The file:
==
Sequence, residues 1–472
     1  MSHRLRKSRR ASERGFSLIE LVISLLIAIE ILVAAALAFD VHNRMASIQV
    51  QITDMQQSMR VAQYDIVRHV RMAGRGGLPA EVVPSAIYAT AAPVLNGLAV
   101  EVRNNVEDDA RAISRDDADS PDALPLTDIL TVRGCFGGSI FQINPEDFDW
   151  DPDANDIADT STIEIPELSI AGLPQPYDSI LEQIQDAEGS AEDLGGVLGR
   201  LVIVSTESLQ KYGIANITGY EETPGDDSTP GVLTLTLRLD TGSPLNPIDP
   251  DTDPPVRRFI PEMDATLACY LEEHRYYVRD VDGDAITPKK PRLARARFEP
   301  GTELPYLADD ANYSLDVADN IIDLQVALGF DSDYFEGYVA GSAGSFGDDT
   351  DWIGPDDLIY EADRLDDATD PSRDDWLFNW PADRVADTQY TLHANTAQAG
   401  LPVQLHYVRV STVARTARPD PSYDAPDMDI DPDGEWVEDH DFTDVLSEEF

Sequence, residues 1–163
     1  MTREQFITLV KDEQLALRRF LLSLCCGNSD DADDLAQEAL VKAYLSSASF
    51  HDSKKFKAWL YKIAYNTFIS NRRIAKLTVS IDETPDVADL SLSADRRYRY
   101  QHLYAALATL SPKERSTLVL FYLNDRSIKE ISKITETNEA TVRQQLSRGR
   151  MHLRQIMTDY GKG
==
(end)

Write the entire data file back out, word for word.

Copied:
Sequence, residues 1–472
     1  MSHRLRKSRR ASERGFSLIE LVISLLIAIE ILVAAALAFD VHNRMASIQV
    51  QITDMQQSMR VAQYDIVRHV RMAGRGGLPA EVVPSAIYAT AAPVLNGLAV
   101  EVRNNVEDDA RAISRDDADS PDALPLTDIL TVRGCFGGSI FQINPEDFDW
   151  DPDANDIADT STIEIPELSI AGLPQPYDSI LEQIQDAEGS AEDLGGVLGR
   201  LVIVSTESLQ KYGIANITGY EETPGDDSTP GVLTLTLRLD TGSPLNPIDP
   251  DTDPPVRRFI PEMDATLACY LEEHRYYVRD VDGDAITPKK PRLARARFEP
   301  GTELPYLADD ANYSLDVADN IIDLQVALGF DSDYFEGYVA GSAGSFGDDT
   351  DWIGPDDLIY EADRLDDATD PSRDDWLFNW PADRVADTQY TLHANTAQAG
   401  LPVQLHYVRV STVARTARPD PSYDAPDMDI DPDGEWVEDH DFTDVLSEEF

Sequence, residues 1–163
     1  MTREQFITLV KDEQLALRRF LLSLCCGNSD DADDLAQEAL VKAYLSSASF
    51  HDSKKFKAWL YKIAYNTFIS NRRIAKLTVS IDETPDVADL SLSADRRYRY
   101  QHLYAALATL SPKERSTLVL FYLNDRSIKE ISKITETNEA TVRQQLSRGR
   151  MHLRQIMTDY GKG